Dr. W.P. Veenendaal is onderzoeker bij het Koninklijk Instituut voor Taal-, Land- en Volkenkunde.
Artikel

Het verband tussen publiek belang en ontwerp bij het internet der dingen

Tijdschrift Beleid en Maatschappij, Aflevering 1 2016
Trefwoorden public economics, big data, Privacy, industrial design, agency theory
Auteurs Prof. dr. Frank Den Butter en Ir. Gijs Den Butter
SamenvattingAuteursinformatie

    The Internet of Things generates a wealth of data (big data) about personal behaviour, which can be used for marketing purposes. It brings about both benefits and costs in terms of societal welfare. Various forms of government intervention are needed to safeguard the public interests associated with these welfare effects. These public interest relate, on the one hand, to public availability of data and information, to repairing informational asymmetries, and on the other hand to providing personal security and privacy protection. This article discusses, from the perspective of the principal/agent approach to regulation, how the design of applications and systems in the Internet of Things can best be shaped. The example of the smart thermostat Toon® of the Dutch energy provider Eneco shows how an intensive collaboration between designers and software engineers may contribute to both proper data protection and to provide an incentive to save energy.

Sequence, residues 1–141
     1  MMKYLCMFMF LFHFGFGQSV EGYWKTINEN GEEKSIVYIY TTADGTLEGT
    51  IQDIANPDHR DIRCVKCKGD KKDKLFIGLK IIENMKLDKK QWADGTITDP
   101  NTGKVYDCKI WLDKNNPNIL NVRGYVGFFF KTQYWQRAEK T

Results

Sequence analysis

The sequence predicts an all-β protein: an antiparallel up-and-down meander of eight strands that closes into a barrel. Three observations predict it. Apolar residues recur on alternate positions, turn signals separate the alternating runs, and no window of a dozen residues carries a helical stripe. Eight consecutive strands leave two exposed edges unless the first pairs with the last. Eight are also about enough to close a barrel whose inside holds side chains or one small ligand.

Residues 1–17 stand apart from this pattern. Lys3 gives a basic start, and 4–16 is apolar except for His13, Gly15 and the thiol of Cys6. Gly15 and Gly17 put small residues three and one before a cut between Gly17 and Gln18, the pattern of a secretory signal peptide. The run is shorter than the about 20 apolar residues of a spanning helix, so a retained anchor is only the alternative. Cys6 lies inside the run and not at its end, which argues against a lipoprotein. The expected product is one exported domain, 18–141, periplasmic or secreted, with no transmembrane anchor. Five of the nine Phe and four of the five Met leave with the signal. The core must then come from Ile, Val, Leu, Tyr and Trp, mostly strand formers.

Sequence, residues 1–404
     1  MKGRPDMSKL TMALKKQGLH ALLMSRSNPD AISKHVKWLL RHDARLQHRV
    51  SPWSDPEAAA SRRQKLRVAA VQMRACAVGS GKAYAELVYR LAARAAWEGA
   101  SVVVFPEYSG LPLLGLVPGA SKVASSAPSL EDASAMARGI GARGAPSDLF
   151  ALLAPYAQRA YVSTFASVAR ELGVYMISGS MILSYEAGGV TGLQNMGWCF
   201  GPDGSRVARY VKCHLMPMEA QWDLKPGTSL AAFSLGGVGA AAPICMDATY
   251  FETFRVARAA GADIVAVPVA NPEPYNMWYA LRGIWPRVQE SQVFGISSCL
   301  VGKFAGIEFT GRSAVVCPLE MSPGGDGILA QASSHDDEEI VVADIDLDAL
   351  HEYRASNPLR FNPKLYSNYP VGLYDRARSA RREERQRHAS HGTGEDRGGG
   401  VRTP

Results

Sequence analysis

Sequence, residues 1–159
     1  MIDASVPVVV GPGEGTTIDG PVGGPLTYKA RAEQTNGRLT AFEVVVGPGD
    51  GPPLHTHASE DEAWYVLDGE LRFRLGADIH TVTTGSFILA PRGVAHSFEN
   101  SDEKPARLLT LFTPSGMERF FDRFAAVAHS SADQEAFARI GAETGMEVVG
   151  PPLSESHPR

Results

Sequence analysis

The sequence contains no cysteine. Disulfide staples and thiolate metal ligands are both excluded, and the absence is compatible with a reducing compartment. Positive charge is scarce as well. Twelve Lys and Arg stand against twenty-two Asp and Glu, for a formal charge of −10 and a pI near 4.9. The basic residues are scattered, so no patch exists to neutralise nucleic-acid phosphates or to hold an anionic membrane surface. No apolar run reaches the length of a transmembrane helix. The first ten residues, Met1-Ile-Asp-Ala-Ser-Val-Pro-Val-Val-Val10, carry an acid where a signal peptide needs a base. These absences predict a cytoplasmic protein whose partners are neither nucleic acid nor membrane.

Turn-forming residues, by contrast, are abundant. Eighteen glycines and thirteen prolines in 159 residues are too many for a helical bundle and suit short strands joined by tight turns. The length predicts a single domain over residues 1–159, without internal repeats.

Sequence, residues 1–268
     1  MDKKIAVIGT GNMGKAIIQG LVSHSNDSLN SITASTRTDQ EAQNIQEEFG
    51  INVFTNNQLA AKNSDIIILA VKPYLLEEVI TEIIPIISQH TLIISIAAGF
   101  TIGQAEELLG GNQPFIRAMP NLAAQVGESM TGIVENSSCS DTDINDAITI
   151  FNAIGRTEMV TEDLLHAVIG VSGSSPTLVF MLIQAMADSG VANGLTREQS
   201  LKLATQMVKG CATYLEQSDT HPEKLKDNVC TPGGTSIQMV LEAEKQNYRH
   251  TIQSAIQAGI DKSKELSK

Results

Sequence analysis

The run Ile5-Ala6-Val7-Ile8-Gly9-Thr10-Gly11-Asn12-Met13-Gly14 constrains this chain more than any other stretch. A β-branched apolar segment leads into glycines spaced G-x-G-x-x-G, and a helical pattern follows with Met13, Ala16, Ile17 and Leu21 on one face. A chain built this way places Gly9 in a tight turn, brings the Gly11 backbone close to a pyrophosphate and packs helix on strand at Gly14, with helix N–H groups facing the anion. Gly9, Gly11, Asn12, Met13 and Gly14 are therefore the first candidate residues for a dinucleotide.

Prof. dr. Frank Den Butter
Prof. dr. Frank den Butter is hoogleraar algemene economie aan de Vrije Universiteit Amsterdam.

Ir. Gijs Den Butter
Ir. Gijs den Butter is MSc ‘Strategic Product Design’ aan de Technische Universiteit Delft en CEO van Adjuvo Motion, een start-up bij YesDelft! die een robotische brace voor revalidatie op de markt brengt.
Interface Showing Amount
U kunt door de volledige tekst zoeken naar alle artikelen door uw zoekterm in het zoekveld in te vullen. Als u op de knop 'Zoek' heeft geklikt komt u op de zoekresultatenpagina met filters, die u helpen om snel bij het door u gezochte artikel te komen. Er zijn op dit moment twee filters: rubriek en jaar.